Downbeat UK corporate reports drag shares lower

Datalex regains some ground in Dublin while in London Centrica hits a near 16-year low

European shares fell slightly, while British blue-chip shares also declined after downbeat reports from energy supplier Centrica and defence company BAE Systems. US stocks fell following a recent run of gains, pressured by weak economic data and a drop in healthcare shares.


Troubled travel software firm Datalex regained some of the ground it has lost in recent months, after it finished the session up 4.3 per cent to 73 cent per share. The company has commenced a search to replace its chief financial officer, who is leaving after less than three months. Datalex has struggled recently due to accounting problems that predated the chief financial officer's arrival.

Cider-maker C&C also performed well, gaining more than 2 per cent €3.11 ahead of a trading update next week.

Building materials giant CRH rose almost 0.5 per cent to €27.78, after Davy analysts said its "financial muscle could pave the way to a healthy rise in the dividend and possibly another share buyback".



The FTSE 100 was down 0.9 per cent, while strength in sterling helped the domestically-focused FTSE 250 add 0.1 per cent.

British Gas-owner Centrica hit a near 16-year low and dropped 11.7 per cent after warning that a national price cap on energy bills would hit its 2019 results. BAE Systems fell 7.9 per cent on its worst day in five years. It said German moves to block exports to Saudi Arabia could hurt its deals with Riyadh and weigh on its financial performance.

Tobacco company Imperial Brands shed 4.1 per cent as the stock traded ex-dividend. In addition, CMC Markets said a risk-on attitude among investors was leading them to dump defensive stocks such as tobacco.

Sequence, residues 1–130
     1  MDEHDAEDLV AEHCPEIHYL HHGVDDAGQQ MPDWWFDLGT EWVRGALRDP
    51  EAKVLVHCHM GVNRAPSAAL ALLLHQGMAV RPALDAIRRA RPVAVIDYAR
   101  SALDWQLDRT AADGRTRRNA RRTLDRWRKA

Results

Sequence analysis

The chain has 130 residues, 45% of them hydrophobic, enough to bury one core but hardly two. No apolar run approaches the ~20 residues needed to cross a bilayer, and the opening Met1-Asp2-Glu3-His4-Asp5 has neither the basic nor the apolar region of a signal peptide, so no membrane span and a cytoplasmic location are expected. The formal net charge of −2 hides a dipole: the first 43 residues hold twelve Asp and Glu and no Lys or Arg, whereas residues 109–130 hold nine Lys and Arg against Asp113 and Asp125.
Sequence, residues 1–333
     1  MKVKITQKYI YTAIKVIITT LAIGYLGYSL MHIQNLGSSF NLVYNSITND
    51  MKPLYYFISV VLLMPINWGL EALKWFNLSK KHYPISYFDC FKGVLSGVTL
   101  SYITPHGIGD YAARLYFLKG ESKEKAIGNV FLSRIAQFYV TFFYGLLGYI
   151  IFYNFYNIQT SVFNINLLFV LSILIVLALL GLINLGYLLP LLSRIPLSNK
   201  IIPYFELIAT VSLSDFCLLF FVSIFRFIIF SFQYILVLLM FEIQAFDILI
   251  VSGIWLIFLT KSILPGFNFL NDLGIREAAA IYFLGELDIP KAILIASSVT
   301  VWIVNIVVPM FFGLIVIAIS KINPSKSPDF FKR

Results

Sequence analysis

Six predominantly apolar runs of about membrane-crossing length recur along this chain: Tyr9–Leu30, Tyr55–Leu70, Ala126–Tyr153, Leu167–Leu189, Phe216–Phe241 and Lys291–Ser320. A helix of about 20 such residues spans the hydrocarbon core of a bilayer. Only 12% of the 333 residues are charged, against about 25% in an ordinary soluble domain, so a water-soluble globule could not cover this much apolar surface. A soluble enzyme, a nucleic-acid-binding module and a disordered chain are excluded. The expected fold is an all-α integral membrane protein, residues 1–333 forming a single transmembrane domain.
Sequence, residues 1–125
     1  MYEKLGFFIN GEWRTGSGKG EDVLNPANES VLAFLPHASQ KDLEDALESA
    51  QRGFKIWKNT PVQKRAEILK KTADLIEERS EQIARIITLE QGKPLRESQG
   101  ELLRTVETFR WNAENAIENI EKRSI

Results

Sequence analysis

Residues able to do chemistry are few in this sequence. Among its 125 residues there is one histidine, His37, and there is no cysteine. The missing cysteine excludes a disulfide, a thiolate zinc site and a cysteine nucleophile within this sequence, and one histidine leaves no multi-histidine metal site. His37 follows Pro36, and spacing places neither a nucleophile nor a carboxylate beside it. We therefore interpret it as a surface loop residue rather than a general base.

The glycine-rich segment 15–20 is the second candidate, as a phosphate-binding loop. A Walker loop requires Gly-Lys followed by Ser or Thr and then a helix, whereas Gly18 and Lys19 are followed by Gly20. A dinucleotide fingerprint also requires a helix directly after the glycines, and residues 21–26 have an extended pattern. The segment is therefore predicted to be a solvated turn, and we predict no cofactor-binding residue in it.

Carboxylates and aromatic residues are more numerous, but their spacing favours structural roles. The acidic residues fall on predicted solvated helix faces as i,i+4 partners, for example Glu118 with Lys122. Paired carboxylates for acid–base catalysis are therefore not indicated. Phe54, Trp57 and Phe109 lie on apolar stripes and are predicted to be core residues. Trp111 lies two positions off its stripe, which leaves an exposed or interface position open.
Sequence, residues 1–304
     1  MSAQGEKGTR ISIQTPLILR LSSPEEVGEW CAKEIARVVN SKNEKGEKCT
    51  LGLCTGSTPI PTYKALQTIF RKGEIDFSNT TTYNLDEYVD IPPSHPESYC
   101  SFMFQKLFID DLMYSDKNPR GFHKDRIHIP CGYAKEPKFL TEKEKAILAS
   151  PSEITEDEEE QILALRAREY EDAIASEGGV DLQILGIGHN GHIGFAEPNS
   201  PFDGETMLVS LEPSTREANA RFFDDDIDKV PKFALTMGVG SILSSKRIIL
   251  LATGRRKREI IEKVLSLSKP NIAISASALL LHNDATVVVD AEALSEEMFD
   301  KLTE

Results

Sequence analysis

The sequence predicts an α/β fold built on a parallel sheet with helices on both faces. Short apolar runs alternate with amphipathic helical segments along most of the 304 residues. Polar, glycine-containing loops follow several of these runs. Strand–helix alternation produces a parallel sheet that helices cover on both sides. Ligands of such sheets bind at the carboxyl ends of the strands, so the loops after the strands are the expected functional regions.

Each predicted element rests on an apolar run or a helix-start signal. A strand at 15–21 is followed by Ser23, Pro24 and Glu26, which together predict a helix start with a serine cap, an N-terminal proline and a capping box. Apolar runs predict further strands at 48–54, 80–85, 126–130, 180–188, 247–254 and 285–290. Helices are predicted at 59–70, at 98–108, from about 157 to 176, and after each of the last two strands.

The announcement of additional features by Uber Eats heaped further pressure on to Just Eat. Shares fell 35.2p to 699p. The company has previously been urged by activist investor Cat Rock to seek a merger with a rival, while analysts speculated that Uber's latest move showed it could be moving closer to acquiring either Deliveroo or Just Eat.


The pan-European Stoxx 600 index lost 0.35 per cent. The German Dax rose 0.19 per cent despite unexpectedly weak manufacturing output data. The French Cac, meanwhile, was flat.

Shares fell more than 2 per cent at Dutch chipmaker ASM International even though it said that its fourth-quarter order intake totalled a record high €301 million, well above its forecast. However, ASM said the market for wafer fabrication equipment will decline by a mid- to high-teens percentage, according to general expectations.

Banks led shares lower across the continent as minutes of the latest European Central Bank meeting showed policymakers setting up their March gathering as a key session to render their verdict on a regional slowdown and whether new long-term bank funding is required.

Unicredit bank in Italy fell 2.8 per cent while Intesa also declined.

New York

Eight of the 11 major S&P sectors were lower, led by a 0.85 per cent decline in energy index after oil prices eased from their highs. Dragging the markets lower was a 0.86 per cent decline in the healthcare sector, weighed down by Johnson & Johnson, which fell 1.1 per cent. The healthcare company said it received subpoenas from US regulators related to litigation involving alleged asbestos contamination in its signature Baby Powder product line.

Biogen shares fell 3.7 per cent after brokerage Stifel downgraded the stock to "hold" from "buy". The Nasdaq Biotech index was down 1.57 per cent.

Nike shares dropped 1.7 per cent after the company's sneaker worn by emerging basketball star Zion Williamson split in half during a game between Duke University and North Carolina. The sportswear maker's shares weighed the most on the consumer discretionary sector, which slipped 0.32 per cent.

Among gainers, Albermarle's shares jumped 6.2 per cent after the lithium producer posted a higher-than-expected quarterly profit and gave a bullish 2019 outlook. – Additional reporting: Reuters/PA/Bloomberg

Mark Paul

Mark Paul

Mark Paul is London Correspondent for The Irish Times